The term food justice is used frequently and we believe it is important to define a topic before we attempt to address it. In this article, we will describe the various elements that encompass the food justice issue and offer further reading on each subtopic for those interested in a deeper dive. In coming weeks, we will also feature geographically specific nonprofits and non-governmental organizations serving at-risk, food insecure communities.
Food justice often refers to an issue of access to food. In many communities, families won’t have a grocery store selling fresh food within a reasonable distance. This in turn often leads to a reliance on corner stores, liquor stores, or bodegas that primarily sell packaged foods that are low cost and shelf stable. These foods are often calorie dense but nutrient empty. Many specify that access to food is specifically access to fresh and nutritious foods. Communities that do not have fresh food markets in their vicinity are often referred to as food deserts.
Food deserts can be more specifically described in some communities as food apartheids, which recognizes the racism and classism that often underline the food justice movement. More and more, market forces drive out small businesses that serve communities of color. Similarly, in working class communities, individuals may often work more than one job or be employed in shift work, making the middle-class experience of grocery shopping and cooking multiple times a week inconsistent with their home lives. This also drives a classist system where lower socio-economic families are forced to turn to fast food or food that requires little to no preparation; again, a situation where the food is devoid of nutrition.
As gentrification pushes into more and more communities, many previous food deserts are becoming food mirages where grocery options exist, but are cost prohibitive to the average community member. This creates the illusion of food accessibility, but still perpetuates the problem. In these cases, and others, the options tend to not be culturally appropriate for the local community. While food justice can be an issue in any poorer community, including in poor white communities, they typically disproportionally affect non-white communities of brown and black individuals that are historically marginalized. Food options there must then offer a cultural responsivity to the cuisines, palates, and eating traditions of the local community.
in response to food injustice, there are some hyper-local movements to empower their specific communities such as community gardens and urban farming. Urban farming seeks to reclaim abandoned or overlooked land for the betterment of the local community members. Community gardens endeavor to engage locals in the process of growing food, both to bring fresh produce directly into the communities and to also offer educational opportunities. Many gardens serve as living classrooms and partner with nearby kitchens, exposing children to previously unknown vegetables, and engaging busy working parents in accessible and germane menus.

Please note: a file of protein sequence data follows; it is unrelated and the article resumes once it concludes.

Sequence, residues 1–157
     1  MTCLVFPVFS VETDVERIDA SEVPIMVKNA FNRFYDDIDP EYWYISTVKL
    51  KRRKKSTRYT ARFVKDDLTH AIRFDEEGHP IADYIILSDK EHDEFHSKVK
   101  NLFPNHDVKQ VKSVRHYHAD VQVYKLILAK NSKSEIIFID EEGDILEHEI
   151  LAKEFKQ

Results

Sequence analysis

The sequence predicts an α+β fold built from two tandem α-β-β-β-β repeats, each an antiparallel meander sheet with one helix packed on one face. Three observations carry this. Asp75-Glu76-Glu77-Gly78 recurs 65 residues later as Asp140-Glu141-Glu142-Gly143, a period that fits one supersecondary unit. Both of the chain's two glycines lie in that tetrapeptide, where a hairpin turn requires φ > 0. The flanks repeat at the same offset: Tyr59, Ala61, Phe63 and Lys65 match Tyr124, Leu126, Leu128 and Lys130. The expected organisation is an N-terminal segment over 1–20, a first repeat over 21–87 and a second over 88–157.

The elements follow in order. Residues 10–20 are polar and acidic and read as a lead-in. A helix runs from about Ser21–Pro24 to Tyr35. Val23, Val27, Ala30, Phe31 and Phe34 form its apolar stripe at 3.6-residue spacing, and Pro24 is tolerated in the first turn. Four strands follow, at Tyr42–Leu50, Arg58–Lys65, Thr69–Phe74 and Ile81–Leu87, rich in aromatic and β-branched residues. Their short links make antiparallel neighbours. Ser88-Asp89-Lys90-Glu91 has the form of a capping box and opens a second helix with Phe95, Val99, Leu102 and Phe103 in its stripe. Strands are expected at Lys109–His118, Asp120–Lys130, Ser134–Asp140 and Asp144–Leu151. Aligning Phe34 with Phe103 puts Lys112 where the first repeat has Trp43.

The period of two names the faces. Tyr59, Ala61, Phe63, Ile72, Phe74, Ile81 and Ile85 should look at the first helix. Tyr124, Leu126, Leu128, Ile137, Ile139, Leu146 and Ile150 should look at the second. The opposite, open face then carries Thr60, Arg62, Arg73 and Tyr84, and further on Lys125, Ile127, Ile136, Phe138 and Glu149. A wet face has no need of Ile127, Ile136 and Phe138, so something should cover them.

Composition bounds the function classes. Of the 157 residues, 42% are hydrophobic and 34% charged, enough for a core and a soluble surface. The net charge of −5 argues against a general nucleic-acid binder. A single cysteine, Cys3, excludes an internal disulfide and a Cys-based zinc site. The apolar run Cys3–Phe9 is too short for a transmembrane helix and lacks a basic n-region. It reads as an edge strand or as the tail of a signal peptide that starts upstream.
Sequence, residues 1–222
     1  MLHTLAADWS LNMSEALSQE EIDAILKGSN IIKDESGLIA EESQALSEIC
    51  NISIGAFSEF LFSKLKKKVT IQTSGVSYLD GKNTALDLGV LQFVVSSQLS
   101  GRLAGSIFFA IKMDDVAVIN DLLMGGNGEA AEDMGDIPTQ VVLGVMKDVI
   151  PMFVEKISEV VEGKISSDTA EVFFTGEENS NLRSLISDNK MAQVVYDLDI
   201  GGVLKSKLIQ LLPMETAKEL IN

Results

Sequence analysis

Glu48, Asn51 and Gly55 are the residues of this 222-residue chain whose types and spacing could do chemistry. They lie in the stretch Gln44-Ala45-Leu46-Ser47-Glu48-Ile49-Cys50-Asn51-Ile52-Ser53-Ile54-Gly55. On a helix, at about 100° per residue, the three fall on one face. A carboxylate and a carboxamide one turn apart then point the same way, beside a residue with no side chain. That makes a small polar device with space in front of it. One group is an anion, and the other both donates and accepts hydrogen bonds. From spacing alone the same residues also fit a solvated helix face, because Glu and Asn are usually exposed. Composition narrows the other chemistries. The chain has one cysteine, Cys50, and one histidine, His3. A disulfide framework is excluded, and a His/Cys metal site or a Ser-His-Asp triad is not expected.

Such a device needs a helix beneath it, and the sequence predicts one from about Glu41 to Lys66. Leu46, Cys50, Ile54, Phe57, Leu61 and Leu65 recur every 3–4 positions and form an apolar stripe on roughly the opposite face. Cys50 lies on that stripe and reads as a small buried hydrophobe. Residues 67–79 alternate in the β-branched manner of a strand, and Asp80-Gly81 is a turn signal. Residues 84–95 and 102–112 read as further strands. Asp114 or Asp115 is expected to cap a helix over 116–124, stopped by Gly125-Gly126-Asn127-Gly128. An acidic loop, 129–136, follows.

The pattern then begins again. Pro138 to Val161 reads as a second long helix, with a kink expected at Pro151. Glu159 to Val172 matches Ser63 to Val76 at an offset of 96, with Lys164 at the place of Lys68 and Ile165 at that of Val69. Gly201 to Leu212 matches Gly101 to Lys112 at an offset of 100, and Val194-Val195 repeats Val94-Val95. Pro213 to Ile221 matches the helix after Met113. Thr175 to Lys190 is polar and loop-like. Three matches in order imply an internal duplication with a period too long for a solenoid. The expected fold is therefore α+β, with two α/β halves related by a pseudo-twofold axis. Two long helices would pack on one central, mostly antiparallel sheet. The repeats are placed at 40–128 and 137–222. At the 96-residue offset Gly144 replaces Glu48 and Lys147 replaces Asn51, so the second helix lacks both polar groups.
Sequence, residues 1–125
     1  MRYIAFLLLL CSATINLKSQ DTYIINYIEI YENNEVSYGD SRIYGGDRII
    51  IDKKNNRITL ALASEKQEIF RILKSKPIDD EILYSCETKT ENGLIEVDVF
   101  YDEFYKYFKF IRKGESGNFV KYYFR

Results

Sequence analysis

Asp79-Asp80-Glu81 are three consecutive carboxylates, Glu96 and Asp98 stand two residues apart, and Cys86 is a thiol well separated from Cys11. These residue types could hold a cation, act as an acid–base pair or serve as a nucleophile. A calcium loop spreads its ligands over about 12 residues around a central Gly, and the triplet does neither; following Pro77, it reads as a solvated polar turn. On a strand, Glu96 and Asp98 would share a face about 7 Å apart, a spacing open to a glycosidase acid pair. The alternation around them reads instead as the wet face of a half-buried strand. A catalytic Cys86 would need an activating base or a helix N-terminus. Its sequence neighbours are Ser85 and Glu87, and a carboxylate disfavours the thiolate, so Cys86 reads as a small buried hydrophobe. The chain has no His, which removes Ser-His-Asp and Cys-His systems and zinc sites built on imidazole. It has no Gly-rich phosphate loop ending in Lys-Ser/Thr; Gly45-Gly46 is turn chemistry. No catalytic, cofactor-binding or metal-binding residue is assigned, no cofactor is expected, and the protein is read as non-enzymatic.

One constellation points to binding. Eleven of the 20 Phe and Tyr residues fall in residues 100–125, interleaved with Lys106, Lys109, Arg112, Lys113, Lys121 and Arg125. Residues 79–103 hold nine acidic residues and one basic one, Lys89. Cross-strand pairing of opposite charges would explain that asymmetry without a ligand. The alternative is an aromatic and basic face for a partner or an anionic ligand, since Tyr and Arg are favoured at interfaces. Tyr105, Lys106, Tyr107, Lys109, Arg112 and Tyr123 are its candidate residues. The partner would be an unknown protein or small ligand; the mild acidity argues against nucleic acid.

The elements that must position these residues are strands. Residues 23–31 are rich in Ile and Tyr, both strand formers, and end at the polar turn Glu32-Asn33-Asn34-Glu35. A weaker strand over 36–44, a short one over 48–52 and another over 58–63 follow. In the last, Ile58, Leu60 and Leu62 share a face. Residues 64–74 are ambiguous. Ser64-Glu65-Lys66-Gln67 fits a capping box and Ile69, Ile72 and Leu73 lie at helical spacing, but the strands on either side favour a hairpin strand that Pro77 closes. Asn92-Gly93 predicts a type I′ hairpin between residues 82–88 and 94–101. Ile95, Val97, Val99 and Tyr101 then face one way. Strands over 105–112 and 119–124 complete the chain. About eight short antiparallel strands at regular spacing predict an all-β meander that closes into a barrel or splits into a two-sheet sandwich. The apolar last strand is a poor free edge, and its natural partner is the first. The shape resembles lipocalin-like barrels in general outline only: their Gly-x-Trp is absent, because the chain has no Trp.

Beyond the local end user consequences of food injustice, there are a number of other considerations when you look up the supply chain. This can include fair treatment of workers who are cultivating the land and farms where food is grown. In the United States, farm workers may be temporary, seasonal, or illegal migrants who are easily taken advantage of or paid less than minimum wage. They can be exposed to unhealthy pesticides and chemicals in their work and often have little recourse or worker protections. Beyond farm workers, there are a number of different industries that are involved with our food before it makes it to our plates. These include food processors, food packagers, chemical workers, and retail and grocery employees.
The demands on our food chain also promote farming choices that rarely take into account the sustainability, wellness, or longevity of the land being farmed. From water usage to farm runoff and from crop selection to farming practices, sustainability on the farm is closely tied to food justice in communities. Here is where the evolution of modern, industrial agriculture most fails our communities and the land we call home. This cannot be separated from decades of land stealing, displacement and enslavement, deforestation and soil degradation, and the pressures to produce at scale.
- To read more about food access, deserts, apartheid, and mirages, visit the Food Empowerment Project.
- To learn more about racism and classism in our food system, continue reading this article from The Institute for Feed and Development Policy (Food First).
- To learn more about the fair treatment of workers, visit the United Food and Commercial Workers Union.
- To read more about Why We Can’t Separate Justice and Sustainability in the Food System, visit the Union of Concerned Scientists.
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